(Refiles with changes to bullet points)
* Former vice finance minister appointed deputy PM and finance minister
* New security adviser has already met U.S. officials
By Christine Kim and Ju-min Park
SEOUL, May 21 (Reuters) - South Korea President Moon Jae-in named the finance minister, foreign minister, and top security advisor for his new government on Sunday, as it faces challenges nurturing economic recovery, soothing ties with China and dealing with North Korea.
Moon told a media briefing that he had nominated former vice finance minister Kim Dong-yeon as deputy prime minister and finance minister, while a United Nations senior adviser on policy Kang Kyung-wha was tapped as the next foreign minister.
Elected earlier this month after a graft scandal brought down his predecessor, Moon stressed the need to improve conditions for ordinary people, with his government needing to put more life into a sluggish economic recovery.
“Our new government has begun work amid unprecedented low growth, economic polarisation and economic hardships for the working class,” Moon said.
Kim, the president’s pick for the finance portfolio, is known for his attention to detail and humble personal background. Two finance ministry officials told Reuters his appointment would be well received in the ministry.
The new administration also faces diplomatic challenges, soothing ties with China, the biggest buyer of South Korean goods, after they became strained by the deployment of U.S. THAAD anti-missile system, as well as increased tensions over North Korea’s missile and nuclear threats.
Kang, the woman chosen to be foreign minister, has an extensive career in the ministry and at the United Nations, said the president. Moon said her appointment gave “great meaning” to gender equality among his cabinet.
His nominees for ministerial posts have to attend a parliamentary hearing before they can officially take up their posts.
Chung Eui-yong, a top foreign policy adviser during the presidential election campaign, was named as the president’s national security adviser.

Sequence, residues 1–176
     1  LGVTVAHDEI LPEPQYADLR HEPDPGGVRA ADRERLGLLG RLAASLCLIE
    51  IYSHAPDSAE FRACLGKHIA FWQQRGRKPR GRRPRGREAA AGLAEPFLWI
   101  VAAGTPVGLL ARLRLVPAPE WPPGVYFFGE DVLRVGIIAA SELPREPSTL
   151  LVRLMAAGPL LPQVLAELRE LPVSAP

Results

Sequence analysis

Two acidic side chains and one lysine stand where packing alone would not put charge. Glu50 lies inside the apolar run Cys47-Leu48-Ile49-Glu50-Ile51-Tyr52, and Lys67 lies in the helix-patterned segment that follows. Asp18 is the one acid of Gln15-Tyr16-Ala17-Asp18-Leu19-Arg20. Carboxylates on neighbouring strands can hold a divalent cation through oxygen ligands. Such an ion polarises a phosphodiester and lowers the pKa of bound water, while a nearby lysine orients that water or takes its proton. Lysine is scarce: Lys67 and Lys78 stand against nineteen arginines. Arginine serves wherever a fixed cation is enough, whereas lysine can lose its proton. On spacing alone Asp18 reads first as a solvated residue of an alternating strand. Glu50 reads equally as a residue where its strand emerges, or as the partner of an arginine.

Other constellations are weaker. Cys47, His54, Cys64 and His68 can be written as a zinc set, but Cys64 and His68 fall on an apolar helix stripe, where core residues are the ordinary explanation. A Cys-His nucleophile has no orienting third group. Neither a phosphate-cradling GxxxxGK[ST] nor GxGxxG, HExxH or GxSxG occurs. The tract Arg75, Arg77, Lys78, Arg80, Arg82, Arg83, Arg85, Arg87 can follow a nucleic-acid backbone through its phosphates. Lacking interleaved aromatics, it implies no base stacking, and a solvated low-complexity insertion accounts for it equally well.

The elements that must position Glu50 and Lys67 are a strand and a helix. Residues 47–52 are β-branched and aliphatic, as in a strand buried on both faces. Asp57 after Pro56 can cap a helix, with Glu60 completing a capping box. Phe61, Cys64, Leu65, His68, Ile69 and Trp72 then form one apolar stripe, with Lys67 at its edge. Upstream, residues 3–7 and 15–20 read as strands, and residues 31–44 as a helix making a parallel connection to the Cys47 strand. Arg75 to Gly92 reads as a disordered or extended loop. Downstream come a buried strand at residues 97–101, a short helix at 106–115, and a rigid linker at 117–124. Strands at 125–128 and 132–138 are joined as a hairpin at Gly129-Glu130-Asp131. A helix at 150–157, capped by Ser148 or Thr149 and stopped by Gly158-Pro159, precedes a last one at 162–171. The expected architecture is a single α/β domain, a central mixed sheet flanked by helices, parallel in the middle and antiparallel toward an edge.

Chung met with U.S. President Donald Trump’s security advisers last week to discuss an upcoming summit and North Korea’s nuclear issues.
Chung told Reuters earlier that although the alliance of U.S. and South Korea is crucial, the process to deploy U.S. anti-missile system THAAD should be reviewed under Moon’s government.
THAAD has been deployed in South Korea since April and its presence has spurred diplomatic rifts with China and the United States.
“I believe one of the most important aspects the country’s security adviser should have is a firm mind on security and diplomatic abilities when we face diplomatic and economic issues tied together, including North Korea’s nuclear programme, THAAD and free trade agreements,” said Moon. “Chung is the right man.”
The South Korean president also named Moon Chung-in, a leading advocate of engagement policies on North Korea, as a special aide on diplomacy and security.
Moon, a professor at Yonsei University in Seoul, accompanied former presidents Kim Dae-jung and Roh Moo-hyun on their summits with North Korea’s then-leader Kim Jong Il in 2000 and 2007.
The president has said if conditions are ripe he can meet North Korea’s current leader Kim Jong Un.
Moon’s special envoy to Washington Hong Seok-hyun, a former ambassador to the United States, was also named as a special presidential aide on diplomacy and security. (Reporting by Christine Kim and Ju-min Park; Editing by Simon Cameron-Moore)